I have my go-to sweets for my TLC. For Jackie, these comments could be transformative because they would show her that she's not alone with her feelings and that other people do care about her--and that they're able to express their concern for her well-being in supportive and kind ways. With my guidance, Jackie took that first step, establishing her online presence by creating a social-media profile. For Jackie to benefit from future social-media exchanges in the way I hoped, she needed for her profile to be authentic and truly representative of who she is. I encouraged her to engage in self-reflection in order to identify what aspects of herself--for example, her hobbies, tastes, education, and personal background--she would feel comfortable sharing on various social- Specifically, Jackie and I discussed naming in her profile the university she'd attended, because, as she told me, Out of all the schools I attended, I felt the most accepted while at college. Including Jackie's college in her profile would give her the chance to reconnect with old classmates and boost her feelings of belonging by deepening her connection to her alma mater and community. In addition, Jackie loved reading, music, and cooking. There should be federal and state standards for this kind of health data, as there are for medical and financial information, and in addition, the press needs to do a better job of investigating such issues. This isn't a call for muckraking journalism or whistle-blowers to share secrets, but rather for our Fourth Estate to do a better job of keeping its readers informed. Demanding Disclosure While the policy wonks in our nation's capital can probably come up with enough regulations to fill a phone article, I think every manufacturer of fitness technology owes it to their customers to make a simple pledge: We promise to make all the data we collect public. You're doing them the favor of paying a couple of hundred bucks for a device that probably costs twenty dollars to make, and throwing your very heart (rate) into the bargain. In return, they offer some very generic guidance while collecting and putting to use very detailed data. It's time to make this a better deal for us, the consumers. Opening up the data vaults would not only fulfill what I believe is an ethical obligation to openness and transparency but also enable people to study the information and use it to improve health care, public wellness, and sports performance. Researchers would no longer have to make the effort to put together small test and control groups who participate in limited, short-term studies, because they'd be able to run the numbers on millions of people's biometrics over many years. This would lead to many breakthroughs that might otherwise have taken years to achieve. THE MINDFULNESS MOVEMENT The mindfulness movement tells us to work on ourselves by being more mindful, nonjudgmental, and accepting of circumstances.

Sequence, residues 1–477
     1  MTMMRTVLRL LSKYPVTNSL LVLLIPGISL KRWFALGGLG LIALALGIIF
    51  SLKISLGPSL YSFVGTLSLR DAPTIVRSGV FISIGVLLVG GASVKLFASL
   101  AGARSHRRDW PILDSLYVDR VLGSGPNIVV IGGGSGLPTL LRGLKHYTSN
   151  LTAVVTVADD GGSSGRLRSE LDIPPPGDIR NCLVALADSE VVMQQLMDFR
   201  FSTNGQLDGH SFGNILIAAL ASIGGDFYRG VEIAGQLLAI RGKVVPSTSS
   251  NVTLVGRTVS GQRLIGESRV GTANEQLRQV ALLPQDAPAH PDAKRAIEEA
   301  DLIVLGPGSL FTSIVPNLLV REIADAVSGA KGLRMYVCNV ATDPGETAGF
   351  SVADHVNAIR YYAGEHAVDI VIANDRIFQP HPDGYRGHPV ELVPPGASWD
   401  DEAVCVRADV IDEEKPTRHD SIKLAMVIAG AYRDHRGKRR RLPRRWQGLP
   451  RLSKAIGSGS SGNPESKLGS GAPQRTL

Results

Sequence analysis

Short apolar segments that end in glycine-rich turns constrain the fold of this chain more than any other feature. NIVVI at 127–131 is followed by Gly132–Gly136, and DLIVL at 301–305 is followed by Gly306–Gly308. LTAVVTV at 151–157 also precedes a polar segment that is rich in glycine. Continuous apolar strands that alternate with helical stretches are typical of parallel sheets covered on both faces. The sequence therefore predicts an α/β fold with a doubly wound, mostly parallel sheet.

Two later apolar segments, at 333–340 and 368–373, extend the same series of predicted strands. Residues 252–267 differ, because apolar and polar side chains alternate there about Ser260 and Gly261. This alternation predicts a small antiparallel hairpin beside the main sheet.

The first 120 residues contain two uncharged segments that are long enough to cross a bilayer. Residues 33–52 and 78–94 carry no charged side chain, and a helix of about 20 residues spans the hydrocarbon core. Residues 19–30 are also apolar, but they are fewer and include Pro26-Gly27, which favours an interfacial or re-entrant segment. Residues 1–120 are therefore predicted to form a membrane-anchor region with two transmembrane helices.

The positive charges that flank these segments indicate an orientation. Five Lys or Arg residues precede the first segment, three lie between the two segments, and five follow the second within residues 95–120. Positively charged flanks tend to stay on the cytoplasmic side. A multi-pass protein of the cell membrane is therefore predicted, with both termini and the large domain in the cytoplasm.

That said, the emphasis on nonjudgmental awareness and acceptance can disable critical thought, which can be a trap. By deflecting attention from unjust social structures and material conditions, mindfulness is easily coopted as a tool supporting the status quo. It's also much more popular among more privileged people, who benefit from the status quo and may be less invested in changing it. For those reasons, I recommend supplementing what is typically understood as mindfulness with this next step: reflection and theorizing. Lean into what's going on and consider what's fueling your feelings. You may not fully understand, but use this as opportunity to explore ideas as they come up. As Brene Brown advises, rumble with the stories you're telling--that is, embrace the vulnerability and stay curious. Consider what happens when you try to separate events from your interpretations of events. With this in mind, she began to explore the idea of following profiles, sites, or Facearticle groups like The Cook's Cook Community Forum, NYT Cooking Community Public Group, Goodreads, and Instagram accounts that shared her interests in cooking and reading and consider how sharing her personal information with these accounts and commenting and liking posts boosted her feelings of connectedness and belonging. Finally, creating her profile and listing her accomplishments was in itself therapeutic. Through this exercise, Jackie was able to get to know herself, and in doing so her self-esteem and self-worth improved. She no longer had that constant feeling of being on the outside or fear of being rejected. Over time, as Jackie interacted with other people online who shared her interest in cooking and reading, she felt less and less alone with her feelings, which made her feel more connected to humanity as a whole. The friends I've made online share about their difficulties too, she told me. They don't just post about the amazing things they're doing or how great their family is. This is a big deal for me, because even though to an outsider it was so obvious my dad had issues, he never acknowledged them. So I never felt able to discuss my problems either. The message was, you didn't talk about your problems or issues. If these companies are really trying to help us, let them prove it. Wearables at Work